How the academic paper is evolving in the 21st century

Podcast: Working Scientist (LS 30 · TOP 10% what is this?)
Episode: How the academic paper is evolving in the 21st century
Pub date: 2020-03-05

Adam Levy delves into the article of the future, examining the rise of lay summaries, the pros and cons of preprint servers, and how peer review is being crowd-sourced and opened up.

Manuscripts are mutating. These changes range from different approaches to peer-review, to reformatting the structure of the paper itself.

Pippa Whitehouse, an Antarctica researcher at Durham University, UK, commends small changes to the paper’s summary over the last few years, telling Adam Levy: “Often now there’s a short layman’s review of the work. I find those really useful in subjects slightly outside my field.

“I see a title that looks useful and don’t quite understand the language in the technical abstract, but sometimes the lay abstract can give me just enough insight into the study.”

Sarvenaz Sarabipour, a systems biologist at Johns Hopkins University in Baltimore, Maryland, praised preprint servers from an early career researcher perspective in a February 2019 article published in PloS Biology.

She tells Levy: “It’s very beneficial for researchers to deposit their work immediately, because journals are not able to do that. Preprinting is decoupling dissemination from the peer-review process. It’s wonderful to have it published earlier.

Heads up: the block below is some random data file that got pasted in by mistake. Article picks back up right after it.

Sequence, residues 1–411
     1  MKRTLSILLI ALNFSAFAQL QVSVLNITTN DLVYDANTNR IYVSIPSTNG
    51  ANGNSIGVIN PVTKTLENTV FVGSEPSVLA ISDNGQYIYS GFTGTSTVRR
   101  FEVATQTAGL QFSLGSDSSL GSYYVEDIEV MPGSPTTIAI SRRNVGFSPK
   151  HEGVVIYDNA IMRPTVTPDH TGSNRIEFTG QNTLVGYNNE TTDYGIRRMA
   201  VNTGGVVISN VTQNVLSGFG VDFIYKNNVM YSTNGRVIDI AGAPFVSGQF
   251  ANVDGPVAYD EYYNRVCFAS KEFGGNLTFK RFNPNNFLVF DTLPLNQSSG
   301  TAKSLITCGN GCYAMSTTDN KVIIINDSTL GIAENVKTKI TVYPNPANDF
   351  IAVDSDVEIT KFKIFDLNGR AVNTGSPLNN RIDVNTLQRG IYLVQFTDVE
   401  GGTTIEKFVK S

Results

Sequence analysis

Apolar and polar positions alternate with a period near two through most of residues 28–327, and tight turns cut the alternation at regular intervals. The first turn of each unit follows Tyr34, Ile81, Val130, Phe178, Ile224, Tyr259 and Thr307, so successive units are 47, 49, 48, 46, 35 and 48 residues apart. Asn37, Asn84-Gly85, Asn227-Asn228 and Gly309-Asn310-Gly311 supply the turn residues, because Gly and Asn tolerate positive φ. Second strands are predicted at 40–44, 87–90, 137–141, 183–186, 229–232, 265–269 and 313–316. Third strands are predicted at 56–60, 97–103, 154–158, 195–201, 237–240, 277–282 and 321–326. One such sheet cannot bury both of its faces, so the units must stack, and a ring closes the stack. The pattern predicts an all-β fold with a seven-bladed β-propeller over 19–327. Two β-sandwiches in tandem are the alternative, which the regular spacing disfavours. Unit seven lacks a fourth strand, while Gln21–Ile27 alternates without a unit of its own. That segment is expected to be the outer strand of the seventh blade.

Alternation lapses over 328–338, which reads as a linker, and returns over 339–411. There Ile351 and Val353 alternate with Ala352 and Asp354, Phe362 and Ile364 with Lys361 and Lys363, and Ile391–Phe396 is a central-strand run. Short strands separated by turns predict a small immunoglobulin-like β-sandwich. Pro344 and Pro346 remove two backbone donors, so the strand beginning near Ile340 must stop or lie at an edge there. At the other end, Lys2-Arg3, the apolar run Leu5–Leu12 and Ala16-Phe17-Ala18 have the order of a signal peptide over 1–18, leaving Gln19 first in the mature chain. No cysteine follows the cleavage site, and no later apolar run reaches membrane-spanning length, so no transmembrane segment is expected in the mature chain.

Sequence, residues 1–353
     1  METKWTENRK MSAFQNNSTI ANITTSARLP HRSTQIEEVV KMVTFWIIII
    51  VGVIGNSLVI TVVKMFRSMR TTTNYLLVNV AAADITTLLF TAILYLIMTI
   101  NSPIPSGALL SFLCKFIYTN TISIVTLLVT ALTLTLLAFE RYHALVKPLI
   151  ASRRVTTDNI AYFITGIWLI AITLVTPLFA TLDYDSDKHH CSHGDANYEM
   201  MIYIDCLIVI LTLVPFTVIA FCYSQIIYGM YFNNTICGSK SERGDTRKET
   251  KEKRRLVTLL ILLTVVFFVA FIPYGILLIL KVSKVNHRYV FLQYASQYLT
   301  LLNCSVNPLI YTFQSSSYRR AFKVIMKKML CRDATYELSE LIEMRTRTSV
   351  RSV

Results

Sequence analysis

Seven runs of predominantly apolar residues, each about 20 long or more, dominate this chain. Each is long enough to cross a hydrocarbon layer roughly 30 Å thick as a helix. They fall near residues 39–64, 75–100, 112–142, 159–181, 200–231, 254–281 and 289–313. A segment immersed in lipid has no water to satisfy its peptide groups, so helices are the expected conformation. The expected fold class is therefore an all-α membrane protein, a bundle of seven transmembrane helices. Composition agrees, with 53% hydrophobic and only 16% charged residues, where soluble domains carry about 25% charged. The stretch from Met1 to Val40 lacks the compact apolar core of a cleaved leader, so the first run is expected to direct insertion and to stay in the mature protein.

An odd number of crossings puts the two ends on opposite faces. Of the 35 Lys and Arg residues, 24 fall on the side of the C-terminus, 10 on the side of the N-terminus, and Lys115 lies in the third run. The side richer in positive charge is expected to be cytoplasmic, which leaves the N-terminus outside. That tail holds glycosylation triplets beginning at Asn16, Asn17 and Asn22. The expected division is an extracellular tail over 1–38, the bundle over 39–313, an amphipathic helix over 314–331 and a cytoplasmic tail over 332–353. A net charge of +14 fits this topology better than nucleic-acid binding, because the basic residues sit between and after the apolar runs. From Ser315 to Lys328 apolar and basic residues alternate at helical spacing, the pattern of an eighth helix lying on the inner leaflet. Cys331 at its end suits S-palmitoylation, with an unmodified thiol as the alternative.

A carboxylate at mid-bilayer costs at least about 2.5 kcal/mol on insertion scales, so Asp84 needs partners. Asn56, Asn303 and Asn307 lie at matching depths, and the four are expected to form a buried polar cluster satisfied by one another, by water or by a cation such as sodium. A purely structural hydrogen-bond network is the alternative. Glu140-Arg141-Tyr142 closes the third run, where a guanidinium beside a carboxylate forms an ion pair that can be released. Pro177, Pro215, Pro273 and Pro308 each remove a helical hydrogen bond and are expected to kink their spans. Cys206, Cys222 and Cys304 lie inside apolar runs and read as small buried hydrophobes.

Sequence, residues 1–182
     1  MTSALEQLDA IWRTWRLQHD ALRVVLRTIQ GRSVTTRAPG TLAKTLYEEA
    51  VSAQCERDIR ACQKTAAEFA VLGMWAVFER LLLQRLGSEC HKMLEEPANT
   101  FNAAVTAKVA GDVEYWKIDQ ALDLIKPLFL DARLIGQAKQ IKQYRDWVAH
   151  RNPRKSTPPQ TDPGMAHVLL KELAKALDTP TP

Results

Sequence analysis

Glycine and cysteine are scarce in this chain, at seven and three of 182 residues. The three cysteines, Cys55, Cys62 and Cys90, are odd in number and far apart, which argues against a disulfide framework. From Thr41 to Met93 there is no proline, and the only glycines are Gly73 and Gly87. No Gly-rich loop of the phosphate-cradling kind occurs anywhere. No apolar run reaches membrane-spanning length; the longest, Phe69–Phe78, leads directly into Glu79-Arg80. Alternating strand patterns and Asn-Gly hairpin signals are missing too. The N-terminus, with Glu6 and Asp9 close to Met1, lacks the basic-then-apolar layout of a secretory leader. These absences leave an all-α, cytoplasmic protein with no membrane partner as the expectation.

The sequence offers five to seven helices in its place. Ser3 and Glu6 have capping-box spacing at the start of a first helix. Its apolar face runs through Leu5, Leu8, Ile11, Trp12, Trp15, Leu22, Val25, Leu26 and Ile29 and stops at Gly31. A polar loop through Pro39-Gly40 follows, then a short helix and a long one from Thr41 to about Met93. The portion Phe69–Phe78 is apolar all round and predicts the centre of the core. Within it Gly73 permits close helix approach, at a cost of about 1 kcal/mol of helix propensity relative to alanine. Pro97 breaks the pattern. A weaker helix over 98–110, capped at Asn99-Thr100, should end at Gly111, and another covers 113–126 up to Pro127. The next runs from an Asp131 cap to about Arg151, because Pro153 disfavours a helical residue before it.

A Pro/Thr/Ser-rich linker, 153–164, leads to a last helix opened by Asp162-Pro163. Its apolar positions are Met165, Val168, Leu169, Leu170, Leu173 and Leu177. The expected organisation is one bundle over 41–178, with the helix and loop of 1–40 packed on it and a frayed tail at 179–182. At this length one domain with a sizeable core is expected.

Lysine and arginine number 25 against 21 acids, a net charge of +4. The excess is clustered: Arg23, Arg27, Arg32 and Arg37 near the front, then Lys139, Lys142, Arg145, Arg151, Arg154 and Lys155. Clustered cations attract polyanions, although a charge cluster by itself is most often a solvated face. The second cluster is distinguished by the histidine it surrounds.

“The peer review process is inhibitory to dissemination but of course has added value.

“As a very early career researcher you don’t have many papers, so it’s wonderful to have something out quicker and be able to discuss

that with colleagues and more senior researchers.

“Researchers can notice each others’ work quicker. They contact each other if they have something similar and they may start collaborating.”

But catalyst researcher Ben List, managing director at the Max Planck Institute for Coal Research in Mülheim, Germany, sounds a note of caution about preprints.

“In my field of chemical synthesis it’s a bit risky,” he tells Levy. “It’s a different thing in physics or biology where experiments take a long time. In chemistry you see something and within a few days you can actually reproduce this work. I’m not 100% sure if this is the future of publishing, in chemistry at least.”

List is editor-in-chief of organic chemistry journal Synlett. Its approach to peer-review involves e-mailing a paper to a panel of up to 70 reviewers. This “crowd-reviewing” system is both quicker and more collaborative, he argues, and the size of the panel reduces the risk of bias.


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